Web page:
King thanked Rainey for his question. He stepped back from the mic for a second. Then, he began to tell a story. His humble response blew me away.

While serving on the community council at his church, King received complaints that he disrespected women. One afternoon, a colleague took him aside and pointed out that he habitually talked over women at the meeting, but never the men.

“My first response? ‘Pft. No I don’t,'” King said. He bristled at the thought that he, someone who had devoted his life to social justice activism, could be considered sexist, let alone be one.

His colleague calmly cited meeting after meeting, instance after instance, phrase after phrase that King had cut off. All came from women.

But it wasn’t the concrete examples that led King to examine his own bias. It was tone of the person who delivered them.

King described it not as a confrontation, but a conversation with someone who held him to a higher standard, who knew his actions didn’t reflect his intentions, who cared about him  enough to tell the truth: he wasn’t acting like his best self.

This simple story illuminates why conversations on gender and race often spin in circles on this campus; how basic assumptions on appropriate language and behavior are now divisive among students who, on the whole, are thoughtful and intelligent.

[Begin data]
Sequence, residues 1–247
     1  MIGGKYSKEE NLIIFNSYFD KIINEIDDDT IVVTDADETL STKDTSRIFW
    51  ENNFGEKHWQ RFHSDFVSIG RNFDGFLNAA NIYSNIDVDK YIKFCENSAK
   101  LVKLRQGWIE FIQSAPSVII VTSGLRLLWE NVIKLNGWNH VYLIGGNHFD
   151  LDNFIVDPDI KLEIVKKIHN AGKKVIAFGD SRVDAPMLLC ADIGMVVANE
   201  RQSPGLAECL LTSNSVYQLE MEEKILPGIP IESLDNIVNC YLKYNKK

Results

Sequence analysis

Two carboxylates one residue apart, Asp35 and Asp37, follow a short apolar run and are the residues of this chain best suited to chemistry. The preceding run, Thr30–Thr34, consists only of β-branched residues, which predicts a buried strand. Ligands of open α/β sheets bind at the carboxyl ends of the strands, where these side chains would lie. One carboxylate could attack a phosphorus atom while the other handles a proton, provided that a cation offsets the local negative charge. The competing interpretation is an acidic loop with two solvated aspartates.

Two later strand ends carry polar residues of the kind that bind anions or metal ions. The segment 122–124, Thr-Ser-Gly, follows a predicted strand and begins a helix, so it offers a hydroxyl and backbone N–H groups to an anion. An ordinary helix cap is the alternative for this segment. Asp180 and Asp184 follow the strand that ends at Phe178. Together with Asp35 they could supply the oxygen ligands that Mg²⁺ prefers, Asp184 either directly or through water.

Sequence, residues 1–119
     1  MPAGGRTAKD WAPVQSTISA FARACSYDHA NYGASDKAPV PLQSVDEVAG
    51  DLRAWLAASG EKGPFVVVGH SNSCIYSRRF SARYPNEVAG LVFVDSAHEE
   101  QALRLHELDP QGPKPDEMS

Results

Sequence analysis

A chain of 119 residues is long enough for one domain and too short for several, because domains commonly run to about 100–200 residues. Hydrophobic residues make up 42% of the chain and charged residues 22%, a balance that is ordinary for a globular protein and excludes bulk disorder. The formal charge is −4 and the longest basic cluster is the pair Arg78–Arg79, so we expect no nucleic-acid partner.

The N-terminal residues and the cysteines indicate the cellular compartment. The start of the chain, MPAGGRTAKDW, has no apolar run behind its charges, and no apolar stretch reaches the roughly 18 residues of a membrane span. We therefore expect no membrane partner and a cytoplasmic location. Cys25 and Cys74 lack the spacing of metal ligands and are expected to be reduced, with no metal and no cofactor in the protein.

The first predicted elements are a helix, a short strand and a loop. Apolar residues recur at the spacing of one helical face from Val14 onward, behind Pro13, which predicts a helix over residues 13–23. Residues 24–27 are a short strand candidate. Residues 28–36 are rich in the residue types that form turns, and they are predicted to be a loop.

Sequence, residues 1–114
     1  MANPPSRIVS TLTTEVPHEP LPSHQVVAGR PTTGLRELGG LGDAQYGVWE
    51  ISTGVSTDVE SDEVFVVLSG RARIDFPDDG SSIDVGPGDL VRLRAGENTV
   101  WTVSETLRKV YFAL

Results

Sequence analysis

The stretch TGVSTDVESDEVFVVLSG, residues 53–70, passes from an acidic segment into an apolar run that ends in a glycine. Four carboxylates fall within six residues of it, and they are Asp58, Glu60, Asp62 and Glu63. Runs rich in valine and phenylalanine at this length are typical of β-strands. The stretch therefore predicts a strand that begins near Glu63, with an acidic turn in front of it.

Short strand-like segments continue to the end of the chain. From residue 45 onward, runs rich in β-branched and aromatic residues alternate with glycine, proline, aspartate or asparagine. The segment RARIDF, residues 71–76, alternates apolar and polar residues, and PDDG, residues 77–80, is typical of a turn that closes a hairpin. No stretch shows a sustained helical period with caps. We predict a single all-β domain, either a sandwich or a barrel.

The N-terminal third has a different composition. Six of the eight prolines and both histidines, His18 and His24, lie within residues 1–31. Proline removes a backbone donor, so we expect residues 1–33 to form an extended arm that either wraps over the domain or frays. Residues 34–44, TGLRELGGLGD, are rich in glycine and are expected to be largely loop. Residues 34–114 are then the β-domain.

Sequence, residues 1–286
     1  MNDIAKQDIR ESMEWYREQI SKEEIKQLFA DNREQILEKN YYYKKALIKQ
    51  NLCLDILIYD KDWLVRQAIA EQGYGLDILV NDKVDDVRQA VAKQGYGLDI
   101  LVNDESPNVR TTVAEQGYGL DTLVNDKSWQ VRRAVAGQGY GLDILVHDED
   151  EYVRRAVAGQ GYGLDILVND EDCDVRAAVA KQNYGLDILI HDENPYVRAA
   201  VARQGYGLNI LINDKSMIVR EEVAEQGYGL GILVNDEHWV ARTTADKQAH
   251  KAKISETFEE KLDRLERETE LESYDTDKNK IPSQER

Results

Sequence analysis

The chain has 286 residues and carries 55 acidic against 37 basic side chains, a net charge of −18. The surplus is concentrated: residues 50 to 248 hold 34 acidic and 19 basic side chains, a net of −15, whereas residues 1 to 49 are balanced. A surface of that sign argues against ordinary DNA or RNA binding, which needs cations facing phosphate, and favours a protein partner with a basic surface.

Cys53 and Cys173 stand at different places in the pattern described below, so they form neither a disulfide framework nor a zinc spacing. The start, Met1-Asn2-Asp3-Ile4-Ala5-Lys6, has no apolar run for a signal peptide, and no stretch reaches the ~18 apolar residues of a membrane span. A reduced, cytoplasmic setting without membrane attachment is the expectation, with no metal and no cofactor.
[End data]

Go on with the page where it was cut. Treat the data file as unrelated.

While King admitted his habit was sexist, it’d be absurd to label him as a misogynist. Shouldn’t we extend the same compassion to others if we accept the problem is systemic? We live in a society that bombards us with bias, that ingrains terrible assumptions within us. Mistaking these inevitable slip-ups in speech and action as permanent reflections of character, whether that’s an individual, a team or an entire department, just isn’t fair.

One can think sexist thoughts. One can do biased things. But we need to stop throwing around misogynist, racist, bigot or any of these rightfully-so offensive terms as damning nouns unless they are truly deserving.

I fear people will misconstrue my thoughts to be apologizing for the often blatant racism on this campus, the daily microaggressions against women, the structural biases embedded within our social spaces and our syllabi.

Let me make it clear that I’m not. I whole-heartedly agree with Rainey and Bartlett (an incredible first-year skier, and writer, who might not have gotten the credit she deserved for her record-smashing margin of victory). I agree that Middlebury as an institution needs to take a more progressive stance on equality and inclusivity. Students and administrators that perpetuate bias through their actions, or lack thereof, need to be held responsible. Policies need to change. Attitudes need to change. People need to change.

But if we condemn people to these derogatory labels, what hope does it leave for changing their core beliefs? What can it do but create defensive hostility?